Sunday, 16 March 2008

Death, Life- More of it

The Life-its-absence-and-presence post has drawn huge worldwide interest, and as a consequence some more words which should be of interest to the intellectually hungry hordes. I wrote: "Many humans have pondered the nature of life and death, each being apparently the absence of the other, but my definition is assuredly an improvement on all previous efforts in this noble art-form." I thought that some of these previous efforts might be worth displaying in their own right, and so below will follow some of same.

Death/Life Thoughts

Death is that which is there when life isn't, which is to say that when life is there, death isn't. Life is the presence of that which we call life, while death is the absence of this presence. Though if we were within that which we call death, we might find it to contain the presence rather than the absence of life, and within that death, that which we consider life might, in ignorance, be considered to be death.

Death is that which isn't. Therefore, death doesn't exist.

In a pure world of cause and effect, the non-existence of life is the cause of the existence of life.
Attempting to solve the apparent quandary of the above led to the following:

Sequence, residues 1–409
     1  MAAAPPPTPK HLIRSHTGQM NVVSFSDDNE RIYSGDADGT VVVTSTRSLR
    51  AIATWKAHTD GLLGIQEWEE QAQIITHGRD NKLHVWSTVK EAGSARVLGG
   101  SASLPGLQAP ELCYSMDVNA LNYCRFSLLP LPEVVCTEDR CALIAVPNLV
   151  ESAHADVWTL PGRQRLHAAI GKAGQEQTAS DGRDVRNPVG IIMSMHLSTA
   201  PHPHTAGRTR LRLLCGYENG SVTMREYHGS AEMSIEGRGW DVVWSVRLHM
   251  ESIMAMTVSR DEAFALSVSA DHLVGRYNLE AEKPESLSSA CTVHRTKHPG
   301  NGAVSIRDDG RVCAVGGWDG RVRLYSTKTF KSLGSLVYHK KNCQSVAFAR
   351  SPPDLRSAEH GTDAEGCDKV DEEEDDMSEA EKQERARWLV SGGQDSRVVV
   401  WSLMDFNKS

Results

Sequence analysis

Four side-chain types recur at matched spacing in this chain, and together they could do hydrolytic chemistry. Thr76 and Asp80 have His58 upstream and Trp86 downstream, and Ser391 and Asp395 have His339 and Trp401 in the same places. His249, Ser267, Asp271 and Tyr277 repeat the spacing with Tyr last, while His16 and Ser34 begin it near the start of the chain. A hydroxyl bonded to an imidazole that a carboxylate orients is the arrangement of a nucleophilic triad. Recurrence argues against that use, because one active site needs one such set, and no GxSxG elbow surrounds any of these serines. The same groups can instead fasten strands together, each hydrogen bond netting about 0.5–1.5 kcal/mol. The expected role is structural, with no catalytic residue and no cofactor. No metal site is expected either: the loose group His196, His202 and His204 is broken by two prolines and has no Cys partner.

Nature abhors a vacuum, and so the universe came into existence to fill the void of its absence. The meaning of life is prevention of the vacuum.

Why does nature abhor a vacuum? In the vacuum is the non-existence of nature. Nature abhors a vacuum because existence abhors its own non-existence. For the same reason, the vacuum abhors nature: the cosmological struggle.
A vacuum does exist. Nothing exists within a vacuum. Therefore a vacuum doesn't exist.
A vacuum is the absence of existence. It is the non-existence of existence surrounded by the non-existence of existence's absence, which is to say existence's presence.
The vacuum requires existence within which to not exist.

10 comments:

Gearoid said...

A good vacuum abhors things natural (dust, dirt etc)

Andrew K said...

Things become very subtle there. Once a vacuum is filled with the things of existence, it is no longer a pure vacuum. SO the vacuum's hatred of existence by which it seeks to conquer them, leads to it contradicting its own nature. "If Satan's kingdom is divided against itself, how shall Satan's kingdom stand?"

Gearoid said...

I was referring to vacuum cleaners

Andrew K said...

Why would a vacuum need to be cleaned? It is literally spotless.

Andrew K said...

Though these vacuum cleaners are only pseudo-vacuums. Pretenders to the throne of non-existence.

Gearoid said...

Vacuous point surely

Gearoid said...

perhaps nature's (natural) abhorence is best summed up b ythe dictate, "avoid devoid void"

Andrew K said...

Not sure which point was vacuous, but not entirely vacuous, you'll admit.

No Answers said...

Have you read much Jewish mysticism? Your contrast of existence and absence reminds me very much of the "vessel" and the "shells" of the Kabbalah ....

Andrew said...

Not sure if somehow your comment got a bit messed up in the system, NA, so I just pasted it from my email. But the simple answer is, no, I don't think I've really read any Jewish mysticism at all.